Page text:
20 Pros/Cons of Laissez faire
Allows the market to govern itself, based on supply and demand Cons Limited government control reduces the possibility of regulation Increased chances for corruption

21 Business on a large scale
Railroad network, communications, electrification made it possible for businesses to expand Larger pools of capital ($) available More $ coming into business Corporations/investors Revised role of ownership—professional managers run business New methods of management—formal rules, specialized departments

22 Gaining a competitive edge
Monopoly—one business has complete control of a product or service Vertical consolidation—gaining control of all steps that it takes to create a product Creates economy of scale—as production increases, manufacturing cost per item decreases --Horizontal consolidation—bringing together many firms in the same business

23 Horizontal Consolidation—
control of one phase of a product’s development; a side-to-side line Vertical Consolidation—control all phases of production from raw material to finished product; up and down line

24 Response to big business
Many Americans resented monopolies (competition usually leads to better prices for consumers) Interstate Commerce Act 1890 Sherman Anti-trust Act—federal law forbidding businesses from monopolizing a market or limiting free trade Early 1900s effort to limit “bad” monopolies, but allow “good” ones (not very effective)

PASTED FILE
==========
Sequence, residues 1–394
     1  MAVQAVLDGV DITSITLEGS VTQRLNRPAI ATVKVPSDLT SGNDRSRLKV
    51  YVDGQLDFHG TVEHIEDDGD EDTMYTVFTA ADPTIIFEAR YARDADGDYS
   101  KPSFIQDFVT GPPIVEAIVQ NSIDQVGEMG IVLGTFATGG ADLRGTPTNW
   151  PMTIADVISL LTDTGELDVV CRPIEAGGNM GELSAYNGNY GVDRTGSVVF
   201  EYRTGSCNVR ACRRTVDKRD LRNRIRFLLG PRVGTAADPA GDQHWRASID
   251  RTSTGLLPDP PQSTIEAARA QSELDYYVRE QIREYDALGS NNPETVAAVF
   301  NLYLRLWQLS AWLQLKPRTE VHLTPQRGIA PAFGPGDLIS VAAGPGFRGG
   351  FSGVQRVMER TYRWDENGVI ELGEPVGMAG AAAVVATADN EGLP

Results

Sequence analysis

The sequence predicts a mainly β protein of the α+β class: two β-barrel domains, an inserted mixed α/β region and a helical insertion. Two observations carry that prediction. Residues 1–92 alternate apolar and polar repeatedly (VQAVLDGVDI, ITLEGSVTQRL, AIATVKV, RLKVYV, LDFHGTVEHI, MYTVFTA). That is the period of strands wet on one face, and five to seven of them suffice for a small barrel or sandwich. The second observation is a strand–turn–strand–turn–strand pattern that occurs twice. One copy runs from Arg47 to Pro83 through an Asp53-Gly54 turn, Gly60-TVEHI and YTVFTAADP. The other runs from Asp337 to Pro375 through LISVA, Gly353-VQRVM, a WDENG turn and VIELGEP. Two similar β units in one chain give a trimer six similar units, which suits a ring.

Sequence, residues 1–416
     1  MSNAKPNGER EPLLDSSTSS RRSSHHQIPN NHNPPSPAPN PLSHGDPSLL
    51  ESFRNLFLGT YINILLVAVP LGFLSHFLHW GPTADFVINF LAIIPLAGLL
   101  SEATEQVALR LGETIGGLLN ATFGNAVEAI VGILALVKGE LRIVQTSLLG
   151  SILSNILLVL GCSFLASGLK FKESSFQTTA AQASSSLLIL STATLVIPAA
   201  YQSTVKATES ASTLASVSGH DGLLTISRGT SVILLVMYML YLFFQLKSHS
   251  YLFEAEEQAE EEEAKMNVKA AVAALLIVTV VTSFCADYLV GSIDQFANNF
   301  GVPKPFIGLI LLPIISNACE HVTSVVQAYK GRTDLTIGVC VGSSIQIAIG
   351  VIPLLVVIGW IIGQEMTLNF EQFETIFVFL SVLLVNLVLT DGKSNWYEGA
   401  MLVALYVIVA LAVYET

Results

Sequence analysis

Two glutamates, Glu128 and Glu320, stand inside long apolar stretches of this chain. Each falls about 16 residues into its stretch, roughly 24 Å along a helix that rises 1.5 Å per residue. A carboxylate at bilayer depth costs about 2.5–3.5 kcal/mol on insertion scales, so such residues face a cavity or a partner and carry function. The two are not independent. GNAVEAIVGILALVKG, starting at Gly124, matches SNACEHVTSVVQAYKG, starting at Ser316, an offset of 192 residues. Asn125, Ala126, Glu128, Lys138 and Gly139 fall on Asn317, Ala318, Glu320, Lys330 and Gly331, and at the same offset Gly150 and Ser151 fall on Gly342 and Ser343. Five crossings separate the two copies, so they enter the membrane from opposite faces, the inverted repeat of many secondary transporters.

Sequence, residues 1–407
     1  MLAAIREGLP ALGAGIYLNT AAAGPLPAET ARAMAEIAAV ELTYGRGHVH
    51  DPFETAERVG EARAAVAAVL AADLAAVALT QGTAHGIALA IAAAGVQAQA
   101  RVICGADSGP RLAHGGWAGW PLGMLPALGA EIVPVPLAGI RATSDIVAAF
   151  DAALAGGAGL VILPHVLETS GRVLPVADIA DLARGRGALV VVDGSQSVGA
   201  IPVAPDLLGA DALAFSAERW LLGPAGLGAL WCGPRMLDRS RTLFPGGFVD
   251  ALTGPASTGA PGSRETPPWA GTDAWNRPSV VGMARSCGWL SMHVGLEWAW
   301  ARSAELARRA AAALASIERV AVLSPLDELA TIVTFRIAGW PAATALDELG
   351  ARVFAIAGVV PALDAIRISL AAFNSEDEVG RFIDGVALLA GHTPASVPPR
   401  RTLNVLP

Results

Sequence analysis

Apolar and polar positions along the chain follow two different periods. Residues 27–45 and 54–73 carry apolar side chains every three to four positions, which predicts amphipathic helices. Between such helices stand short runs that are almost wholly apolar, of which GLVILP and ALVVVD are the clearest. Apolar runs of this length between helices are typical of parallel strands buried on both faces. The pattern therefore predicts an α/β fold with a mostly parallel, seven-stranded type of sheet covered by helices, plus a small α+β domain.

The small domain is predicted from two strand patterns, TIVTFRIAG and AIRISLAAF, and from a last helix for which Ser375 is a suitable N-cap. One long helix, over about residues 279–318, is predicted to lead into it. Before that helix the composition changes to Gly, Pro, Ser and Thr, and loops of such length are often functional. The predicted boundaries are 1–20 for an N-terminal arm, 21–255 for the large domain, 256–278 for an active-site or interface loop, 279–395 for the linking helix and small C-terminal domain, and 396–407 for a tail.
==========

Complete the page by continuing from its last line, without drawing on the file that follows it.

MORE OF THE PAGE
25 Working in the gilded age

26 Working in the Gilded Age
Millions of immigrants and Americans moved to cities for jobs worked 12 hours/day, 6 days/week, could be fired for being late, not working Few hundred $/year Piecework—workers got paid a fixed amount for each finished product Unsafe work conditions Sweatshop—employees work long hours at low wages in poor conditions

27 Workers seen as machinery; never interact with owner
Division of labor—worker performs one task in production, never sees finished product Workers seen as machinery; never interact with owner Frederick Taylor’s Scientific Management Analysis of worker’s movements/workspace to increase productivity

28 Working families Women Children Young, single
Unskilled jobs, mostly in textiles Paid less than men Children 5% of industrial workforce Left school at 12/13 to work full time Unsafe work in dangerous conditions Families often depended on kids’ income to survive

29 Darwin applied to society
There was no public assistance/welfare, worker’s comp, or unemployment insurance Social Darwinism—applied survival of the fittest to people Poverty resulted from personal weakness Relief for poor/unemployed would encourage idleness

30 Unions and strikes

31 Unions Labor leaders criticized owners/managers for Knights of Labor
Reducing competition (making prices higher) Paying low wages Unsafe working conditions Knights of Labor National union, skilled/unskilled, women, blacks American Federation of Labor (AFL) Craft union, skilled workers, “bread and butter”, used collective bargaining (workers negotiate as a group)

32 Employers Reaction Dislike and fear Forbid meetings Fired organizers